The Reserve offsets program demonstrates that high-quality carbon offsets foster real reductions in GHG pollution, support activities that reduce local air pollution, spur growth in new green technologies and allow emission reduction goals to be met at lower cost…”

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Climate Change Sign Holders
Shutterstock

Black Lives Matter in the climate movement

Land trusts all over the country pledged to address racism and make their lands, and community, welcoming places for all. Yet many aren't thinking about how climate change will impact those who have been disenfranchised in their community. This coming year is a great time to consider that—and talk about solutions.

We have come to a time when the United States is having yet another reckoning with racist institutions that have pervaded since its founding. Corporations, sports teams, and brands alike have been publicly re-evaluating their policies to declare how they stand with the Black community.

While preliminary policy changes are a start, what is really needed is a more thorough investigation of what it means to be anti-racist.  Especially for corporations, anti-racism should also be incorporated into climate change mitigation efforts. While it may seem that climate change activism has taken a backseat in light of the COVID-19 pandemic and the Black Lives Matter Movement, how we address these issues can help forge a path forward for the climate movement…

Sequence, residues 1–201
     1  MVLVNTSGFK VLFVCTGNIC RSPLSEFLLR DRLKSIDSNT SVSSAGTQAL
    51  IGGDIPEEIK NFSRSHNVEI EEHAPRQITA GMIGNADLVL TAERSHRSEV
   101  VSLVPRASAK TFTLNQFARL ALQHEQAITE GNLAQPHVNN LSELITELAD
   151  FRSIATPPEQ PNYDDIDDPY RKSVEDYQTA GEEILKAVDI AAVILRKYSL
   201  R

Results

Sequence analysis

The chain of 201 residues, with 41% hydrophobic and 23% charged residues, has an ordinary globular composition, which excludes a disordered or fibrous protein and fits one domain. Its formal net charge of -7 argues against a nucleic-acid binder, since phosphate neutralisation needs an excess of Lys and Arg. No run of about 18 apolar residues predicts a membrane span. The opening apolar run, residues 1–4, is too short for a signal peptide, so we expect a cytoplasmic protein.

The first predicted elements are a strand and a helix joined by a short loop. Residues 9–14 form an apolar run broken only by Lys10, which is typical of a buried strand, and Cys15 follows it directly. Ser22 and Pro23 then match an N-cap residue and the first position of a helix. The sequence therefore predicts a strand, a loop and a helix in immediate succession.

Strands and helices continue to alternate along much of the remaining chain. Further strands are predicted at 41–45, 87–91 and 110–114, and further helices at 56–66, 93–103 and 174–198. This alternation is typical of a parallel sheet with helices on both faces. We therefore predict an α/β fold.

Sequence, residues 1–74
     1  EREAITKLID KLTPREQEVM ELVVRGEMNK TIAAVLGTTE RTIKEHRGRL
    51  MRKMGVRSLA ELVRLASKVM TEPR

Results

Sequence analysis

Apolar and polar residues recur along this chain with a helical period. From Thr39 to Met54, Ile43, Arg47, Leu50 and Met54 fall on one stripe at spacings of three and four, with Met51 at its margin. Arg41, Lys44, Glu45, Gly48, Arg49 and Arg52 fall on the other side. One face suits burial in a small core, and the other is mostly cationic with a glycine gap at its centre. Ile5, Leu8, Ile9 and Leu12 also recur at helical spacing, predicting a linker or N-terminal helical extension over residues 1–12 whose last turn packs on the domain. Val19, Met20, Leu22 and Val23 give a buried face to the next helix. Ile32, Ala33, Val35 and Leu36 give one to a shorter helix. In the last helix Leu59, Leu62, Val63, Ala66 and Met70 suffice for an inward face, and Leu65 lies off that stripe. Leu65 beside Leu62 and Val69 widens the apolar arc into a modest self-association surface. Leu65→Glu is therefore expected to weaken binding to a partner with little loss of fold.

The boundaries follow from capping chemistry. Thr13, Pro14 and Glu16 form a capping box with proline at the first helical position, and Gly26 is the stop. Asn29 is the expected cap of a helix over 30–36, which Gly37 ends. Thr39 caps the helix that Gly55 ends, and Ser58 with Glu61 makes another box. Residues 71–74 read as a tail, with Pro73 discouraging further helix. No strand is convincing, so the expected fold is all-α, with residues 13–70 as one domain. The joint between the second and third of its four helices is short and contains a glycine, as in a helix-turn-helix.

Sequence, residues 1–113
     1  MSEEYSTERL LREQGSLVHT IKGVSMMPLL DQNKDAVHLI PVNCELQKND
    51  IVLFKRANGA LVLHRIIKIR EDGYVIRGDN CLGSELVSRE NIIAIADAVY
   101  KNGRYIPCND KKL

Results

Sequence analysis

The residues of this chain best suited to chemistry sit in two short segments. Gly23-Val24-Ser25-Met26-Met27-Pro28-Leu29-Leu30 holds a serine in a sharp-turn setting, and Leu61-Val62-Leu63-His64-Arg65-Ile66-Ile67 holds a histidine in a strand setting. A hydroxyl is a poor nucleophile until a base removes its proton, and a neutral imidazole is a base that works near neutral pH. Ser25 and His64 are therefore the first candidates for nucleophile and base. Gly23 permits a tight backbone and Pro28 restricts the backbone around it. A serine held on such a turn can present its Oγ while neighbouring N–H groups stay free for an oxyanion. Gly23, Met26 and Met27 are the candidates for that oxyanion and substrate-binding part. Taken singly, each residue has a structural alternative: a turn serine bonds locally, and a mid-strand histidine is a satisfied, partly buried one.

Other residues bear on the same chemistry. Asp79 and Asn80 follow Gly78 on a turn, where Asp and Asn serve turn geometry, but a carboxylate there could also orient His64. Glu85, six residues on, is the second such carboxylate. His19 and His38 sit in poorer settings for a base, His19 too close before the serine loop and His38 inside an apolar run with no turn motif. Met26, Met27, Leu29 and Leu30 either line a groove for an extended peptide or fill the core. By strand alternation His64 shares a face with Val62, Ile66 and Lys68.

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Grateful Little Girl
Chelsea Carroll

They’re climate scientists. They’re mothers. Now they’re joining the battle to get Americans to act

Very few people in the U.S. hear about climate change and climate solutions. A new $10-million campaign ad program will put climate scientists who are mothers in the living rooms of families across the country, so they can speak to parents like them. The campaign, called "Science Moms," will include TV and digital advertising and will run in Pennsylvania, Colorado, and Florida.

“Those of us who understand climate change are disappointed by gridlock on the issue,” said Emily Fischer, a climate scientist at Colorado State University, who narrated the 90-second spot featuring her daughters enjoying the outdoors. “The goal of Science Moms is to push through that—to reach directly to mothers and let them know this is a threat to their kids. The kids they make sandwiches for, the kids who crawl into their beds at night, the kids who drive them crazy sometimes. To those kids. Not someone else’s kids…”